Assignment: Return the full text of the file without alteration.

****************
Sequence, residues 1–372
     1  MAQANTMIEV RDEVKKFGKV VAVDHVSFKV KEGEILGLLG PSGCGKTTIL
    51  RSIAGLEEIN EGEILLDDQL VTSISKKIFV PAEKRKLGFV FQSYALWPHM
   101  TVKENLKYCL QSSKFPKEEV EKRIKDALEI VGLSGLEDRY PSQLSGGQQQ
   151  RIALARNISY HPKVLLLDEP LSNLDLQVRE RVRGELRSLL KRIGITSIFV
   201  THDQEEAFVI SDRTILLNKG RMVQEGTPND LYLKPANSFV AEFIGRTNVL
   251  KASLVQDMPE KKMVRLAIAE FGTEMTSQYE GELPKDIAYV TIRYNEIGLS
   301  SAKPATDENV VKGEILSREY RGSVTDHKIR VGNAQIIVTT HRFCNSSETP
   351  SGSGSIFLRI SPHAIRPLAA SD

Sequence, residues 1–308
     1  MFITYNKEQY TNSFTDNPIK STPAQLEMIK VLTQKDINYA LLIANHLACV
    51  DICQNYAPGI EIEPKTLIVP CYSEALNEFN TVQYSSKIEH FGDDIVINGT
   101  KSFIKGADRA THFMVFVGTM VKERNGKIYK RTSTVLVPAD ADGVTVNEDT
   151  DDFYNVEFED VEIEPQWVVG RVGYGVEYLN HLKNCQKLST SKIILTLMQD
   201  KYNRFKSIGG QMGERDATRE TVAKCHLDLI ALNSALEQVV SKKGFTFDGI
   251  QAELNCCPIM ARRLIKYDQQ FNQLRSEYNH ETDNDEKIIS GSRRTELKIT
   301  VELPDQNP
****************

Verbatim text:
Sequence, residues 1–372
     1  MAQANTMIEV RDEVKKFGKV VAVDHVSFKV KEGEILGLLG PSGCGKTTIL
    51  RSIAGLEEIN EGEILLDDQL VTSISKKIFV PAEKRKLGFV FQSYALWPHM
   101  TVKENLKYCL QSSKFPKEEV EKRIKDALEI VGLSGLEDRY PSQLSGGQQQ
   151  RIALARNISY HPKVLLLDEP LSNLDLQVRE RVRGELRSLL KRIGITSIFV
   201  THDQEEAFVI SDRTILLNKG RMVQEGTPND LYLKPANSFV AEFIGRTNVL
   251  KASLVQDMPE KKMVRLAIAE FGTEMTSQYE GELPKDIAYV TIRYNEIGLS
   301  SAKPATDENV VKGEILSREY RGSVTDHKIR VGNAQIIVTT HRFCNSSETP
   351  SGSGSIFLRI SPHAIRPLAA SD

Sequence, residues 1–308
     1  MFITYNKEQY TNSFTDNPIK STPAQLEMIK VLTQKDINYA LLIANHLACV
    51  DICQNYAPGI EIEPKTLIVP CYSEALNEFN TVQYSSKIEH FGDDIVINGT
   101  KSFIKGADRA THFMVFVGTM VKERNGKIYK RTSTVLVPAD ADGVTVNEDT
   151  DDFYNVEFED VEIEPQWVVG RVGYGVEYLN HLKNCQKLST SKIILTLMQD
   201  KYNRFKSIGG QMGERDATRE TVAKCHLDLI ALNSALEQVV SKKGFTFDGI
   251  QAELNCCPIM ARRLIKYDQQ FNQLRSEYNH ETDNDEKIIS GSRRTELKIT
   301  VELPDQNP